Wednesday, August 5, 2009
CSCO F4Q09 Earnings 08/05/09-(Daren Pon)
Aug. 5 (Bloomberg) -- Cisco Systems Inc., the largest maker of networking equipment, predicted that revenue will drop for a fourth straight quarter as the recession crimps orders of networking equipment.
Revenue will fall 15 percent to 17 percent in the fiscal first quarter, which ends in October, the company said today. That equates to between about $8.6 billion and $8.8 billion, down from $10.4 billion a year earlier.
Global sales of routers and switches, which account for almost half of Cisco’s sales, will fall about 20 percent this year, according to the research firm Dell’Oro Group. Chief Executive Officer John Chambers aims to revive growth by getting into markets such as video cameras and computer servers.
“It’s disturbing in the fact that you’d like to see them gaining momentum,” said Cisco investor Daniel Morgan, a portfolio manager for Synovus Securities Inc. in Atlanta. “But then you have to take a step back and realize what’s going on in the industry.”
Cisco, based in San Jose, California, fell 74 cents to $21.43 in late trading after giving the forecast. The shares, up 36 percent this year, closed at $22.17 today on the Nasdaq Stock Market.
The company’s gross margin -- the percentage of sales remaining after production costs -- will be 64 percent this quarter, Cisco said. That compares with 65.3 percent last quarter. Less-profitable consumer products could be taking a toll, said Mark Demos, portfolio manager for Fifth Third Asset Management in Minneapolis.
“The big issue is profitability,” said Demos, who helps manage $19.8 billion in assets. His firm had about 3 million shares of Cisco as of March 31. “They’re saying there could be an issue because of a mix of products.”
Orders began to rebound in the fourth quarter, though it’s too early to tell if the recovery will last, Chambers, 59, said on a conference call.
Sales in the fourth quarter were typical for the season, unlike the previous three quarters, he said. “While it’s too soon to call a recovery, it’s the first positive trend we’ve seen,” Chambers said.
Fourth-quarter net income fell 46 percent to $1.08 billion, or 19 cents a share, from $2.01 billion, or 33 cents, a year earlier, Cisco said today. Excluding costs such as stock compensation, profit was 31 cents. Analysts in a Bloomberg survey had estimated 29 cents on average.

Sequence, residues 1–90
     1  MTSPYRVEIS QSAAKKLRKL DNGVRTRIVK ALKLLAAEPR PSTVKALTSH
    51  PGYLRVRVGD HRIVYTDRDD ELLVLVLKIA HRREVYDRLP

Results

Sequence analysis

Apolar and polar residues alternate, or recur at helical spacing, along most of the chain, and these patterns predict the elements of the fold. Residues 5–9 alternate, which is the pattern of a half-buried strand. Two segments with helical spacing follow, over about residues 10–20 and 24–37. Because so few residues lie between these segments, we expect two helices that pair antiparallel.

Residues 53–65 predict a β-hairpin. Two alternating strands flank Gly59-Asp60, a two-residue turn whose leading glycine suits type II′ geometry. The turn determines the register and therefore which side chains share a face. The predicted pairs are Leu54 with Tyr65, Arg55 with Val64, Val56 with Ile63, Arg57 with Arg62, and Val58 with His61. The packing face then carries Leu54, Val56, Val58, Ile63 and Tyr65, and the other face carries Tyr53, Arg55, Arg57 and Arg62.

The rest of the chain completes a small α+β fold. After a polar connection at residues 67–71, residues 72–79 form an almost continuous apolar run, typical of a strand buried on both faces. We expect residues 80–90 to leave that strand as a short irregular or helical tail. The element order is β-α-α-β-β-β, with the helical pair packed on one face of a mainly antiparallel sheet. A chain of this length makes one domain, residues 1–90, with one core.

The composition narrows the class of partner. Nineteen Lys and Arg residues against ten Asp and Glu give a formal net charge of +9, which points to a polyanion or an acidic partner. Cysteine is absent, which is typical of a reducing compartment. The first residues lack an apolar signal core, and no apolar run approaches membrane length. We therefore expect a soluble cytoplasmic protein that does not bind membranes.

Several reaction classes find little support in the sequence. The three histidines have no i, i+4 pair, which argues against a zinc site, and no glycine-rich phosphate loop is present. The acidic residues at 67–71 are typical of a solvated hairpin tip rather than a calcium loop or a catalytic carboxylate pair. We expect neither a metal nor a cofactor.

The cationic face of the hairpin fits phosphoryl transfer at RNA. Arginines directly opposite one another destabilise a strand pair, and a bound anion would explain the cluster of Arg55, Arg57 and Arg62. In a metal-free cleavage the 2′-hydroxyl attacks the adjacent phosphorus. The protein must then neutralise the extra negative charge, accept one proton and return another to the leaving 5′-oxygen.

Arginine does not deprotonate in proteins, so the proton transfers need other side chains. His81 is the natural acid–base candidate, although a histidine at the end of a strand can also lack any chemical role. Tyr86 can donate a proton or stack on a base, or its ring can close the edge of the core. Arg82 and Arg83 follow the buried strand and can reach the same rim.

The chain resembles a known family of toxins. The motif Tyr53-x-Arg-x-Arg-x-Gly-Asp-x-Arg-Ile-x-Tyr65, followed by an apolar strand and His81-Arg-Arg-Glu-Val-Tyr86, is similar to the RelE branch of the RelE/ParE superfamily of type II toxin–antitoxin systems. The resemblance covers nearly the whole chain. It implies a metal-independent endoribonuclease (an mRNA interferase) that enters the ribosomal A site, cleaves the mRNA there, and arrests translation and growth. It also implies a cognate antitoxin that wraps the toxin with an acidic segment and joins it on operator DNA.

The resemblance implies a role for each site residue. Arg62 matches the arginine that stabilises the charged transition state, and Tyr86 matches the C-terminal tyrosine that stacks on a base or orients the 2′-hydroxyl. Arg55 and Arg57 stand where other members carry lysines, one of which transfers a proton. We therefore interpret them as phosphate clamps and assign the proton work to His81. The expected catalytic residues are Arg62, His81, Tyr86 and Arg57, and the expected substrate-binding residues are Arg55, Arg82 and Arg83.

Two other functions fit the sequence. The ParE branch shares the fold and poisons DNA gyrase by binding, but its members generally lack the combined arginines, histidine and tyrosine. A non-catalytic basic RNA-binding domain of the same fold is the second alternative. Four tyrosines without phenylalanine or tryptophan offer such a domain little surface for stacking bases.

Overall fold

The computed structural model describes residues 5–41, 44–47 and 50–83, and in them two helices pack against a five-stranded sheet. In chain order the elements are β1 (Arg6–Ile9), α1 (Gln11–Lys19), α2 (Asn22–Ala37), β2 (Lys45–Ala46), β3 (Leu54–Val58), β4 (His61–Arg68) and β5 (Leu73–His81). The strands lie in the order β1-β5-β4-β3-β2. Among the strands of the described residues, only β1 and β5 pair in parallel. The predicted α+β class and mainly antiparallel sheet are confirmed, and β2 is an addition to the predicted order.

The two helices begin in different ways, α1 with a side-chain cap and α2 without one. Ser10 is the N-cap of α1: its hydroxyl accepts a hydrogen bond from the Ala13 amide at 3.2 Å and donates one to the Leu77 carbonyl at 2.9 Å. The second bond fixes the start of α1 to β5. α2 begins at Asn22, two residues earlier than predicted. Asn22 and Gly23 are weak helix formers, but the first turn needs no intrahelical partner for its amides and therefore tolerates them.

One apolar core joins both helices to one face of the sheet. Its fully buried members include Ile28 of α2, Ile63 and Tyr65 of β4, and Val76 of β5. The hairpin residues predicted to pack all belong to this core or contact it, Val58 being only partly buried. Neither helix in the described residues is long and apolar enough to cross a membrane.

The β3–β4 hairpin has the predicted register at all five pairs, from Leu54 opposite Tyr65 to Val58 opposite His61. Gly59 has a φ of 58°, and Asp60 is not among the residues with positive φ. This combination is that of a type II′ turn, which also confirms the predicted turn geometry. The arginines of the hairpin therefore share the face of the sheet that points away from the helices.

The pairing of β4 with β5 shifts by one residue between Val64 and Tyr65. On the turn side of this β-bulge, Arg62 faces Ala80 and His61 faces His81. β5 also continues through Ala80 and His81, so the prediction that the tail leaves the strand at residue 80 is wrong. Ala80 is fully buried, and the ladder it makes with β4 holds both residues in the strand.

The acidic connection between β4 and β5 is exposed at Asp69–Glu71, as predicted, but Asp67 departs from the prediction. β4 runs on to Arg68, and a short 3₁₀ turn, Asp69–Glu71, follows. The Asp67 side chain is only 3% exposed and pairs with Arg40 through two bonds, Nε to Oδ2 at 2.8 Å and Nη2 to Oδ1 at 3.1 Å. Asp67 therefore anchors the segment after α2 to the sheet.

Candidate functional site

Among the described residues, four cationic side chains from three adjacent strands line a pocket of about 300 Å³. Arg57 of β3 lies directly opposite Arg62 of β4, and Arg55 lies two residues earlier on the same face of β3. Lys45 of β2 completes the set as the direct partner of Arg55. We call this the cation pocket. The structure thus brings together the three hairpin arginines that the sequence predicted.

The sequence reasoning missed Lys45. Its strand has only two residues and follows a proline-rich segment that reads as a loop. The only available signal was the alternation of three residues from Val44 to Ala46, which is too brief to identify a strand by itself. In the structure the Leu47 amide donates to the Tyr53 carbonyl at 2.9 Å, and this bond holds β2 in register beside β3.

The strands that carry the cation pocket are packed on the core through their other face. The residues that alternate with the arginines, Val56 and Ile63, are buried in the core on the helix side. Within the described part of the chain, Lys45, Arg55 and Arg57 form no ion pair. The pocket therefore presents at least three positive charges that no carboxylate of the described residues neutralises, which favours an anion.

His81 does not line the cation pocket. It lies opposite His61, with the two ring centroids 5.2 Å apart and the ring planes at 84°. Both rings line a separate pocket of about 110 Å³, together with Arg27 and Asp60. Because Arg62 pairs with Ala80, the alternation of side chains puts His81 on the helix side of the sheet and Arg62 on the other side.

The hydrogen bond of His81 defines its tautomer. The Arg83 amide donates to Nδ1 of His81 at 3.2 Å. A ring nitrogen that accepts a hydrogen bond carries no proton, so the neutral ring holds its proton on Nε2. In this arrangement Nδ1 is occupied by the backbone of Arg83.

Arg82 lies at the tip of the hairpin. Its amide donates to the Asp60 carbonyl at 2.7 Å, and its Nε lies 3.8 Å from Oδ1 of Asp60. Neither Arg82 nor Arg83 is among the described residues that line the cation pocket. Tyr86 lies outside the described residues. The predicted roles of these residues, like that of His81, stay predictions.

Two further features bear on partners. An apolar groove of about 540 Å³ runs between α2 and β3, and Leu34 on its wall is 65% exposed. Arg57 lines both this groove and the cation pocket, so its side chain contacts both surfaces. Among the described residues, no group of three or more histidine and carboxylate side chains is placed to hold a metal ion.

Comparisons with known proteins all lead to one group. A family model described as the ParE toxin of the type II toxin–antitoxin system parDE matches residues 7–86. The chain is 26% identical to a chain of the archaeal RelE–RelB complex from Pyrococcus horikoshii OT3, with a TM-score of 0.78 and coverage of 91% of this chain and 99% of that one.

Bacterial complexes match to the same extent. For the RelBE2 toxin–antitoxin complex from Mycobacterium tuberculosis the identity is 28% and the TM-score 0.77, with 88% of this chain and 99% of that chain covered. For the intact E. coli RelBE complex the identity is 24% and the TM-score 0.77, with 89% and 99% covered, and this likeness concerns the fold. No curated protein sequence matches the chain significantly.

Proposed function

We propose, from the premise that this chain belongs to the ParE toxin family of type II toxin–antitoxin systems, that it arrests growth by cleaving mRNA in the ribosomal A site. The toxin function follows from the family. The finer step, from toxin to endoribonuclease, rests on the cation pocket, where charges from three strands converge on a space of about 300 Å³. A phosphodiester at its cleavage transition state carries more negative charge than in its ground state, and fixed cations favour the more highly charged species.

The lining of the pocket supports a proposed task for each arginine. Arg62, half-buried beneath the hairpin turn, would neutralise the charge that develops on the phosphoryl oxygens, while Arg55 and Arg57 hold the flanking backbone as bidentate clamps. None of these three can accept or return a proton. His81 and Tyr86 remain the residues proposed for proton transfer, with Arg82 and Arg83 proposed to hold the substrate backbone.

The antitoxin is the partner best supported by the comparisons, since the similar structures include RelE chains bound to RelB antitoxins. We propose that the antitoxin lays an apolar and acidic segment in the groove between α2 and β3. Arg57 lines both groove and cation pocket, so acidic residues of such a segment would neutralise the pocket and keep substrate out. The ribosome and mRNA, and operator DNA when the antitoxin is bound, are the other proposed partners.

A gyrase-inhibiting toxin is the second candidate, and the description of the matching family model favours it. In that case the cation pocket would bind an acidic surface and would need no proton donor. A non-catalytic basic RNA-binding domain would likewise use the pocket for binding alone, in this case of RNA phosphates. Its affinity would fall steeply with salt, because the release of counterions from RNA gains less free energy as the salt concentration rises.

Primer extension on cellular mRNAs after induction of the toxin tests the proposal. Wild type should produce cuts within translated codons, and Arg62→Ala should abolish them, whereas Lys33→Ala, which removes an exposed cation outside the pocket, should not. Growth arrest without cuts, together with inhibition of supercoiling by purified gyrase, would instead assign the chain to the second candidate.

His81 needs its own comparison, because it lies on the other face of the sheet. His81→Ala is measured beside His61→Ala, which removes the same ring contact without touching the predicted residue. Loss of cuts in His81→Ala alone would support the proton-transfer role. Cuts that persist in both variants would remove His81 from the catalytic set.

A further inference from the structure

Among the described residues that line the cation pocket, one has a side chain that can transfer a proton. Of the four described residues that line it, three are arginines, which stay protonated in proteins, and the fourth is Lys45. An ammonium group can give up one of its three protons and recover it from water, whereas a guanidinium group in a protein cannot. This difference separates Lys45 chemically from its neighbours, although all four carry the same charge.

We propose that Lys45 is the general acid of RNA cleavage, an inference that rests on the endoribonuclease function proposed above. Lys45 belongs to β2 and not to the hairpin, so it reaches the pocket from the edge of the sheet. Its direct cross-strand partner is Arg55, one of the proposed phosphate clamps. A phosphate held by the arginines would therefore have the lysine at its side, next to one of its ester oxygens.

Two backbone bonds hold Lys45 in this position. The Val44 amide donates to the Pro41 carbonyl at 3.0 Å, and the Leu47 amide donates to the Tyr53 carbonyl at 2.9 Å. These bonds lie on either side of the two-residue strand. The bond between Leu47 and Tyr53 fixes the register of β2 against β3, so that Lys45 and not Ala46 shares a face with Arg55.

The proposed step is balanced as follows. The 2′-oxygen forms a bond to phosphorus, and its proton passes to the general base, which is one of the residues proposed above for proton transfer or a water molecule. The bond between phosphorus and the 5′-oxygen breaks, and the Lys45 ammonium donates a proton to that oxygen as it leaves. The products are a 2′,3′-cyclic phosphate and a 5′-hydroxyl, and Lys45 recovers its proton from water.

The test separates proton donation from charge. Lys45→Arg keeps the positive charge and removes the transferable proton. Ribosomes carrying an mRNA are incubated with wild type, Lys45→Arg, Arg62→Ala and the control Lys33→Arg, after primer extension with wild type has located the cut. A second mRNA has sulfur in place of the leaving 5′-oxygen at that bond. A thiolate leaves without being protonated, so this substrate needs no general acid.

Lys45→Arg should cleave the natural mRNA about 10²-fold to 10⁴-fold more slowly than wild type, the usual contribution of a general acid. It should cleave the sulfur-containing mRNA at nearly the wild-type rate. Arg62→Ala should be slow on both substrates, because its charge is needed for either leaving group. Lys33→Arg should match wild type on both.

Revenue fell 18 percent to $8.54 billion in the quarter, which ended July 25. Analysts had projected $8.51 billion.
To cope with the slump, Cisco just completed more than $1.5 billion in budget cuts. It eliminated more than 2,000 jobs, curtailed hiring and merged offices. Cisco had $35 billion in cash and equivalents at the end of last quarter, up from $26.2 billion a year earlier.
Investors view Cisco as a technology-industry bellwether because it dominates the market for routers and switches, products that direct the flow of data. Large companies account for most sales of switches, used to run their corporate networks. Phone carriers and Internet-service providers mostly purchase routers, which are costlier.
Cisco’s results also serve as an indicator of the broader economy, said Jason Ader, an analyst with William Blair & Co. in Boston. He expects the shares to perform in line with the market and doesn’t own them.
“Switch sales are typically correlated with economic factors such as employment, new business starts and business expansion,” Ader said.
The U.S. economy shrank 1 percent last quarter, extending the longest recession since World War II. The country has lost 6.5 million jobs since the slump began in December 2007. Economists surveyed by Bloomberg forecast the jobless rate to exceed 10 percent by early 2010.
Cisco set out last year to cut at least $1 billion in annual costs by July. Cisco reduced travel expenses by using its own videoconferencing equipment to avoid business trips.